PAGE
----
Being realistic can protect you against the effects of survivorship bias. In essence, when you focus too heavily on “survivors,” you ignore important qualities about the rest of the population. For instance, a person may think “Steve Jobs, Bill Gates, and Mark Zuckerberg are college dropouts and they became billionaires, so I should drop out too.” Of course, these billionaires are the outliers. There are plenty of unsuccessful college dropouts who’s tales you’ll never hear. A realist will instead look at the data and realize that 94% of United States’ most successful businesspeople graduated college , and having a college degree greatly improves employability and earning potential .
“There’s no harm in hoping for the best as long as you’re prepared for the worst.” ― Stephen King
Some people may say they are pessimists because they’re realistic. A counterargument to this is our aforementioned biases. Negativity bias evolved in a time it was necessary for our survival; in modern times and the safer societies of today, it overcompensates and distorts our view of the world. The truth is, people’s worldview generally doesn’t adjust to facts and data as much as they think it does. In other words, people are generally not pessimists or optimists because of what they know about the world, but instead interpret information through the lens of whatever pessimism or optimism they already have.
Scientific studies show that optimism is generated primarily in the left brain hemisphere. This side is also associated with high self-esteem and a cheerful, positive attitude. The right brain hemisphere is associated with pessimism, as well as low self-esteem and a negative attitude . With this in mind, it seems clearly superior to want more left brain activity.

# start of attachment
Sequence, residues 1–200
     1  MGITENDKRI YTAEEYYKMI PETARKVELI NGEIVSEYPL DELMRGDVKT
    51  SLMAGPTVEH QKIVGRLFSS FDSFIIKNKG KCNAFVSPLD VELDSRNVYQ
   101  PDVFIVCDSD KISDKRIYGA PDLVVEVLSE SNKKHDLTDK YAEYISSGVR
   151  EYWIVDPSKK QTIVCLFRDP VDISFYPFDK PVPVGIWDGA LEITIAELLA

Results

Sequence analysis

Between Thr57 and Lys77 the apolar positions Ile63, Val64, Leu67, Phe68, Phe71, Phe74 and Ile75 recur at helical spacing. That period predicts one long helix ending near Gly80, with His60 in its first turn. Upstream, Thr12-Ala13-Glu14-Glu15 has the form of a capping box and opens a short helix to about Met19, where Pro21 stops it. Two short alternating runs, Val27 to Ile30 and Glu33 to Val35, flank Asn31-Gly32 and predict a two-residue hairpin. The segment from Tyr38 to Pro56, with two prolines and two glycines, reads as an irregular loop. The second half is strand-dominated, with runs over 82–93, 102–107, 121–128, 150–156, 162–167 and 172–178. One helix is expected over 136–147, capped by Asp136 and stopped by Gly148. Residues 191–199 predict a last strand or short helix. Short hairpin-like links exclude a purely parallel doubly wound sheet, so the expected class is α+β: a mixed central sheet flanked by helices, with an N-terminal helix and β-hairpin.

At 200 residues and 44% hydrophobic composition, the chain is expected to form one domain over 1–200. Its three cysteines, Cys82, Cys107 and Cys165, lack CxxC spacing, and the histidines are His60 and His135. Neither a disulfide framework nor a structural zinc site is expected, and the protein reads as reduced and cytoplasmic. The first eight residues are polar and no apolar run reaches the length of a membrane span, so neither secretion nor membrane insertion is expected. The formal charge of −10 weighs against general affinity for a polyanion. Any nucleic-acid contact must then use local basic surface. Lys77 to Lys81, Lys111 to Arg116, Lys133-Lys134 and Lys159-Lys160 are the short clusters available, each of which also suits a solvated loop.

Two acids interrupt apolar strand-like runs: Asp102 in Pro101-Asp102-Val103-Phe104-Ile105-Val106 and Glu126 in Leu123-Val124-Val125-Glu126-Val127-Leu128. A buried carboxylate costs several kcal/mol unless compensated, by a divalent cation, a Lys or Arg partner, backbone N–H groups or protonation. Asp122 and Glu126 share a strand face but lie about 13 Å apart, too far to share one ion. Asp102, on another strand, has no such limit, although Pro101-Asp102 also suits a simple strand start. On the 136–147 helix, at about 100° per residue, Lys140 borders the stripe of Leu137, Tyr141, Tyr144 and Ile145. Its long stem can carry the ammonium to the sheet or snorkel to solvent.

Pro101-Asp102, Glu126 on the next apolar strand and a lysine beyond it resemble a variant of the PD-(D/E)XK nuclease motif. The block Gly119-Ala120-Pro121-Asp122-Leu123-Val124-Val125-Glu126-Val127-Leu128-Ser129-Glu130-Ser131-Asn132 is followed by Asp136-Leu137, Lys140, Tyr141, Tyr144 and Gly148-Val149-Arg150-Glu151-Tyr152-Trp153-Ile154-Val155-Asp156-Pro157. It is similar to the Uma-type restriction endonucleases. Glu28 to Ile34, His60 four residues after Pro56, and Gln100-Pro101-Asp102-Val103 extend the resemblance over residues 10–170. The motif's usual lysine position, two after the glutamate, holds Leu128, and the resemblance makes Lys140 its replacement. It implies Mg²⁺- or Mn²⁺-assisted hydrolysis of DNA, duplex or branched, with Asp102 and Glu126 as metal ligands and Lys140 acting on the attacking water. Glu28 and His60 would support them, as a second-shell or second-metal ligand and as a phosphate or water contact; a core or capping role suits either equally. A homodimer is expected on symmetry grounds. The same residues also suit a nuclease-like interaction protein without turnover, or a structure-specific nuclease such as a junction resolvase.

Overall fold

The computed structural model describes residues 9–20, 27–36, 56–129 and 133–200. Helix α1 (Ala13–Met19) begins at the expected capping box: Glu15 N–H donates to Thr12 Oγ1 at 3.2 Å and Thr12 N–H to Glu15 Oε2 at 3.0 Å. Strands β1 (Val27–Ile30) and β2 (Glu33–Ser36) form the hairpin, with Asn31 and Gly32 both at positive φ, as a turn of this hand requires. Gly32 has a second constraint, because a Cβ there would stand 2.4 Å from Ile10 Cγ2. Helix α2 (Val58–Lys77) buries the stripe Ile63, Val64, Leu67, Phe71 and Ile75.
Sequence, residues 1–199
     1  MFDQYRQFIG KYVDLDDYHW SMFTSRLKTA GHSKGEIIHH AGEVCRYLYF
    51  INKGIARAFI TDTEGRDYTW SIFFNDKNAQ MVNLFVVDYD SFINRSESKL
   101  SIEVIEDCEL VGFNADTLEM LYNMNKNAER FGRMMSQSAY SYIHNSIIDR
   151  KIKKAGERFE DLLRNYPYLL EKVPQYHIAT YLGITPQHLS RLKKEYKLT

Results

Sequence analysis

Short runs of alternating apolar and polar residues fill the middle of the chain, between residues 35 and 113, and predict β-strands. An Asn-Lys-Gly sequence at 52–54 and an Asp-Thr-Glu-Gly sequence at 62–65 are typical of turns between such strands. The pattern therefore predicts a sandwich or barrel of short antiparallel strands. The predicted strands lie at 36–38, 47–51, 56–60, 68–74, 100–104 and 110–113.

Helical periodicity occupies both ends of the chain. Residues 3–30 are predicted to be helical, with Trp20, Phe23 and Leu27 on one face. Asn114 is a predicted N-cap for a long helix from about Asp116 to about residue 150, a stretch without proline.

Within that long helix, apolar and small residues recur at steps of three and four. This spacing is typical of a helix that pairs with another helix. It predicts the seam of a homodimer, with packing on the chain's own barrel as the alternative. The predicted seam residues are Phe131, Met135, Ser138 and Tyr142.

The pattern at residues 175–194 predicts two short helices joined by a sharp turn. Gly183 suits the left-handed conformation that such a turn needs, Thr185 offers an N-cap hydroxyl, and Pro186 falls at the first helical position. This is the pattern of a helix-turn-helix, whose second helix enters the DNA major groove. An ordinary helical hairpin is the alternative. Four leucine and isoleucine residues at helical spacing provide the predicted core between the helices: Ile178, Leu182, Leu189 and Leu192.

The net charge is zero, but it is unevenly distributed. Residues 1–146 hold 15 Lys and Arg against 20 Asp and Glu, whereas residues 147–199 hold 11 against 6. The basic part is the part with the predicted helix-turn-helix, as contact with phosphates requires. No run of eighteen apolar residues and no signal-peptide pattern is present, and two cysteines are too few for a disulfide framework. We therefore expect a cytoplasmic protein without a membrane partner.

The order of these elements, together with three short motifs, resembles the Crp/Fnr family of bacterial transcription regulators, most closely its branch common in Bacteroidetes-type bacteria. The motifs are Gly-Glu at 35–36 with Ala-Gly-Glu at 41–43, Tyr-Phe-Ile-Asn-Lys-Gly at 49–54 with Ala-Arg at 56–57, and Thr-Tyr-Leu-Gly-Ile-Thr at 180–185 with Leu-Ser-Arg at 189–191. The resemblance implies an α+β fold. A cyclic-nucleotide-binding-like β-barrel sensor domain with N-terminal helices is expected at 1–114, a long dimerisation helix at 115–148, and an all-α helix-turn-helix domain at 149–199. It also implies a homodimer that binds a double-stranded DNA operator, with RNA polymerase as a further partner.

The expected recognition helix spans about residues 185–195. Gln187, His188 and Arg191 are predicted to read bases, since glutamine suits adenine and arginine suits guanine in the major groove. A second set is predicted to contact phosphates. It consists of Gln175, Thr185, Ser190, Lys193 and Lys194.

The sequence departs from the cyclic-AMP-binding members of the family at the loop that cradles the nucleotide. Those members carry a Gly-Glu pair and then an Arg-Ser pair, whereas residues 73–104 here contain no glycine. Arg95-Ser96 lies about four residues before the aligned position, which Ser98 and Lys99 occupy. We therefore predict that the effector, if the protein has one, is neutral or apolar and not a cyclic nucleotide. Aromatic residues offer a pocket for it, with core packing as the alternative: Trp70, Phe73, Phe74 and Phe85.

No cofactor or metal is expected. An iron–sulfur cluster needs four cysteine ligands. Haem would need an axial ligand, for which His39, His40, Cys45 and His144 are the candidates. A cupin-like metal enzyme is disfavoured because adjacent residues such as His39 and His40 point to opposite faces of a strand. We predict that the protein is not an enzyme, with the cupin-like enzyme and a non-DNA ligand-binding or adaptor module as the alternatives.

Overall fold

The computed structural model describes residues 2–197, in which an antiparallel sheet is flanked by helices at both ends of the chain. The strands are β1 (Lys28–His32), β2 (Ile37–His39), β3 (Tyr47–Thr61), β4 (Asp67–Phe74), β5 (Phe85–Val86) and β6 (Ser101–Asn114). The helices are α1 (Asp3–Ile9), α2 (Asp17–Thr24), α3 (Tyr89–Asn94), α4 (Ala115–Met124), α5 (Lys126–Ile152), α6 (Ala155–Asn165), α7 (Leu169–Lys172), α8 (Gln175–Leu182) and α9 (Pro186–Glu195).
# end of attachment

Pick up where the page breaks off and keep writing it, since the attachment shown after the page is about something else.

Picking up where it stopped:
While excessive optimists may be naive about risks, and excessive pessimists may be overwhelmed by them, people can learn how to take calculated risks. Always consider the risk-return tradeoff, such that the expected value of your endeavours are worthwhile.
Consider what Randy Paush calls ‘the eaten by wolves factor’, and Tim Ferriss calls ‘fear setting’. What is the worst case scenario? Would I be eaten by wolves? Defining your fears can help you objectively evaluate them, and plan for how to overcome them if they do occur. In this way, optimism is practical and good if you have a contingency plan for when things go wrong.
The optimum level of self-efficacy and optimism is slightly above reality; in this situation, people are most encouraged to tackle challenging tasks and gain experience. When you’re contemplating the things you can and cannot improve, err on the side of thinking you can improve much more than you can, because often you will be able to.
At the same time, be cautious when artists and other famous people advise you to “follow your passion!” They are the lucky few that made it, when most artists don’t. Don’t fall for survivorship bias. Still, if after fear setting and carefully evaluating the risk-return tradeoff, you still want to pursue your dreams, then go for it. After all, someone who is truly passionate about what they do will not stop no matter how difficult or unrealistic it is. As Marie-Louise von Franz writes: “It’s easy to be a naïve idealist. It’s easy to be a cynical realist. It’s quite another thing to have no illusions and still hold the inner flame.”
Arguments of pessimism are powerless to comfort. Pessimists think optimism is a form of coping or escapism. Optimists don’t care what they think, and just enjoy their lives. Besides, it is quite gratifying when pessimism goes unrewarded.
Both desperation and inspiration can be catalysts for improvement. Pessimists run away from bad situations. Optimists run towards good situations. Ultimately they’re running the same way, towards improvement. Being a realist is seeing clearly how far along the path you are.
Expect the best, prepare for the worst, take calculated risks, and above all: Aspire to have pragmatic enthusiasm for what can be achieved.